Additionally, the Audit Plan (and the time budgets estimated to complete each internal audit or audit product) informs internal audit and the Audit Committee on the quantity and quality of internal audit resource required to deliver the Audit Plan e.g. total internal audit headcount, split between business and IT auditors, subject matter experts to help in highly technical areas etc.
What common pitfalls should be avoided?
There are many, but some points to consider are:
- Will you ‘double count’ the same risk across two or more risk categories e.g. the risk of breaching Anti-money laundering regulations could potentially apply to the Legal & Compliance, Reputational or Financial risk category. Perhaps pick one risk category and consistently apply this otherwise you may artificially overstate the risk score i.e. potentially auditing an auditable entity too frequently to the detriment of auditing another auditable entity;
- Develop a consistent approach to address scenarios where internal audit intentionally addressed only part of the scope of the auditable entity. How do you track and document this? Do you consider this to mean that this auditable entity is now covered and is now not due to be audited again until the next cycle? Your Internal Audit Policy and Procedures should provide guidance on this.
- Where an audit of an auditable entity is required by a law or regulation, should you risk assess and score that auditable entity as if it was not a regulatory required audit, or simply override the overall risk assessment score to ensure it is audited at the prescribed frequency? Regardless, the audit still needs to be carried out at the regulatory required frequency, but by adopting the former method above you can easily quantify the extra ‘burden’ of performing regulatory required internal audits.
How do you know the risk assessment is correct?
You are never sure, due to the subjective nature of a risk assessment. However, if you consistently follow your audit methodology and clearly justify your risk ratings, then an independent party would at least understand your thought process and provide the Audit Committee with the opportunity to review and challenge all the residual risk scores relative to each other.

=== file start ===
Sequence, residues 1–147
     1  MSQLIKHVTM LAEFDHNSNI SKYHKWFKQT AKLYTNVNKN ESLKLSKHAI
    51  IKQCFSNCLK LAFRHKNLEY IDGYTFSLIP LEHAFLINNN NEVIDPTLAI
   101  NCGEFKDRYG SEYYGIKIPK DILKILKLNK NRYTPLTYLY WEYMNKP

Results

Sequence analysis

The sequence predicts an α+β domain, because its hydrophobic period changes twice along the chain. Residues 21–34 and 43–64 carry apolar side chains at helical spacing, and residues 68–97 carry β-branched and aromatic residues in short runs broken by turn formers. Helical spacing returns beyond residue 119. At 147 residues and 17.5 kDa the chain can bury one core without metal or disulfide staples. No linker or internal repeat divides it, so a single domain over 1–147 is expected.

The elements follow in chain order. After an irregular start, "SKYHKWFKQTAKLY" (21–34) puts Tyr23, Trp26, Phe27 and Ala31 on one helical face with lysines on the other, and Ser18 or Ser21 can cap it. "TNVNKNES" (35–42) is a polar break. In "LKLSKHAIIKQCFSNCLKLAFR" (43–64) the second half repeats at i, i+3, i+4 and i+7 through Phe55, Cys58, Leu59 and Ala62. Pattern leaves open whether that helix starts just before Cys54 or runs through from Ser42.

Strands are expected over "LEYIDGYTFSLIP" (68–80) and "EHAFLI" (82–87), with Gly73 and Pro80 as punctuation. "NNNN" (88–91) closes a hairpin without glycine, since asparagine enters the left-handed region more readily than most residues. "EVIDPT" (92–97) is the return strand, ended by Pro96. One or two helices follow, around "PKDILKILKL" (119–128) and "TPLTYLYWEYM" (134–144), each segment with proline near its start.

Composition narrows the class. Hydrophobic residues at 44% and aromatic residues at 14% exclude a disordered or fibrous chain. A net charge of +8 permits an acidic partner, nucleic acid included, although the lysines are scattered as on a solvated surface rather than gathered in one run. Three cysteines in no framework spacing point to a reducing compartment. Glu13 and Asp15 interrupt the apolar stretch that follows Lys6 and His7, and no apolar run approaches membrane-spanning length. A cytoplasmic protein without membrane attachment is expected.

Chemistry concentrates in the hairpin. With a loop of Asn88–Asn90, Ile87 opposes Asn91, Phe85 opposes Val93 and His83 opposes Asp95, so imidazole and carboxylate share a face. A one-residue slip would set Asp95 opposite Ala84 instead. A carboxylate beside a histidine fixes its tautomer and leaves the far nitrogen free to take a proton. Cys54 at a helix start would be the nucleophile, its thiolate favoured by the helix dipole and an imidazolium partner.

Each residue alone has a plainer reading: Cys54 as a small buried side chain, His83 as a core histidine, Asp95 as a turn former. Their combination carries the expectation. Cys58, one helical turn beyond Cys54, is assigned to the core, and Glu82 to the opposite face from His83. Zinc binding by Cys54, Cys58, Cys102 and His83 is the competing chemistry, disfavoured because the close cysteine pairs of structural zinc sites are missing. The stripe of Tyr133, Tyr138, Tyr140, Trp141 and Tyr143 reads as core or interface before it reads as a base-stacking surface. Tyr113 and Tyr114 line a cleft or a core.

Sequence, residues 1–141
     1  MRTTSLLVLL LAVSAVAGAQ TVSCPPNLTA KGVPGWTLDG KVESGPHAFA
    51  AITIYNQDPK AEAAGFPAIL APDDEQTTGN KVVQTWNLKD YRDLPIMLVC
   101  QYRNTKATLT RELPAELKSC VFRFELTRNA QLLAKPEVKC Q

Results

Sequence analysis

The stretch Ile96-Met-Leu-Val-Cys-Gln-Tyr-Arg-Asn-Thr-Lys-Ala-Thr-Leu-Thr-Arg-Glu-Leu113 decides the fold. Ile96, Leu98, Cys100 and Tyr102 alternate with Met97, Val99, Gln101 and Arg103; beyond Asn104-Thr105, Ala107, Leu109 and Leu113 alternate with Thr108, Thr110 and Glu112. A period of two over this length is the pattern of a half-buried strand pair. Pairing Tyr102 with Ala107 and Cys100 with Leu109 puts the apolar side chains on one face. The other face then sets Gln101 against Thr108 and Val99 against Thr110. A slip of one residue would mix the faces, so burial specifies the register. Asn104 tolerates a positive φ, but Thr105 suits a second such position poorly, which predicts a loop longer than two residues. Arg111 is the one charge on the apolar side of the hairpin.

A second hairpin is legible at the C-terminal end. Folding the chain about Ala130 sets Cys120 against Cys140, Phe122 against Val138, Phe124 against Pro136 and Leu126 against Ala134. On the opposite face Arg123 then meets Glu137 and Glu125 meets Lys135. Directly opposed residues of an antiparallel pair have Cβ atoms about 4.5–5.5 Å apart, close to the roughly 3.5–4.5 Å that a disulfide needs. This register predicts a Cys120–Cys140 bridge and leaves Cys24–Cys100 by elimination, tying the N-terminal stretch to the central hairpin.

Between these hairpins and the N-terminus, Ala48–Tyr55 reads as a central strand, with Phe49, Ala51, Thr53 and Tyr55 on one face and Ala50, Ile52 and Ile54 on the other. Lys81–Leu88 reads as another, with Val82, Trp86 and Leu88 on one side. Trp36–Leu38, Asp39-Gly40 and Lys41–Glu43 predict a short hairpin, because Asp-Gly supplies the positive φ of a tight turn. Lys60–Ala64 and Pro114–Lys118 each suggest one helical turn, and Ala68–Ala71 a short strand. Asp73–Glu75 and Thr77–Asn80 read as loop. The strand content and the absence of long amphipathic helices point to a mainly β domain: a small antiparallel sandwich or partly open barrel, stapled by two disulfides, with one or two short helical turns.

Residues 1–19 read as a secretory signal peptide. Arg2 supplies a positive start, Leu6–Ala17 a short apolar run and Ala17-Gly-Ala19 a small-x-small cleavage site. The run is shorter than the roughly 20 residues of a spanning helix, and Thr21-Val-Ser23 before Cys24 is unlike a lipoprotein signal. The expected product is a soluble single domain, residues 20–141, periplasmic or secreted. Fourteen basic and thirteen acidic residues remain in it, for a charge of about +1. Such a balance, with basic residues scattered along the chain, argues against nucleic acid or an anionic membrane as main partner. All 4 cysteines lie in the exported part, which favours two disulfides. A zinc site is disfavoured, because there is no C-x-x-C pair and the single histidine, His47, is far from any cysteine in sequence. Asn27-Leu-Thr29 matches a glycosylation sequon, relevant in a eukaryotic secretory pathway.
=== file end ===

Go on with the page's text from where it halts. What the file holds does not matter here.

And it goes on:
The results of the risk assessment and the draft audit plan are usually subject to an intensive socialisation process with management and external audit. Ultimately, the risk assessment, the draft audit plan and any noteworthy comments from the management during the socialisation process, should be presented to the Audit Committee for their review, challenge and approval.
Risk assessments should be updated as and when new key information becomes available and not simply limited to a once a year exercise. Often, internal audit departments implement a quarterly continuous monitoring programme which helps to promptly identify new information, emerging risks etc. A significant change in a risk assessment during the year could lead to a planned internal audit being no longer due in the current year and therefore deferred from the Audit Plan, or a proposed new audit to be added to the current year’s Audit Plan. Any proposed changes to the Audit Plan intra year would be expected to be presented to the Audit Committee for their challenge and approval.
An effective and consistently applied risk assessment process is critical for internal audit to develop a truly risk-based Audit Plan. The role of internal audit policy & procedures, training, and internal audit’s practice and quality assurance teams are key to achieving this. However, it’s important that your internal audit staff are encouraged to share feedback and identify any potential improvements to the risk assessment process. Risk assessments are the foundations of an effective internal audit department.